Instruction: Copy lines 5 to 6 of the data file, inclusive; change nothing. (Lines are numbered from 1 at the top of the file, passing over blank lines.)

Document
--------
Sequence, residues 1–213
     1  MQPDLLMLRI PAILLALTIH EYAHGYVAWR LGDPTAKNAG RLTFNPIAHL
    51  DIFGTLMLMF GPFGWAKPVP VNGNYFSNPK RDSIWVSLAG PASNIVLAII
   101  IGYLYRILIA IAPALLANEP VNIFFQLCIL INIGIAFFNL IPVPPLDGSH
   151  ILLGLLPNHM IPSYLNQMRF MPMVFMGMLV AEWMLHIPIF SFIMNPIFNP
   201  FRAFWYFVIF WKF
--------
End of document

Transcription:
   151  ILLGLLPNHM IPSYLNQMRF MPMVFMGMLV AEWMLHIPIF SFIMNPIFNP
   201  FRAFWYFVIF WKF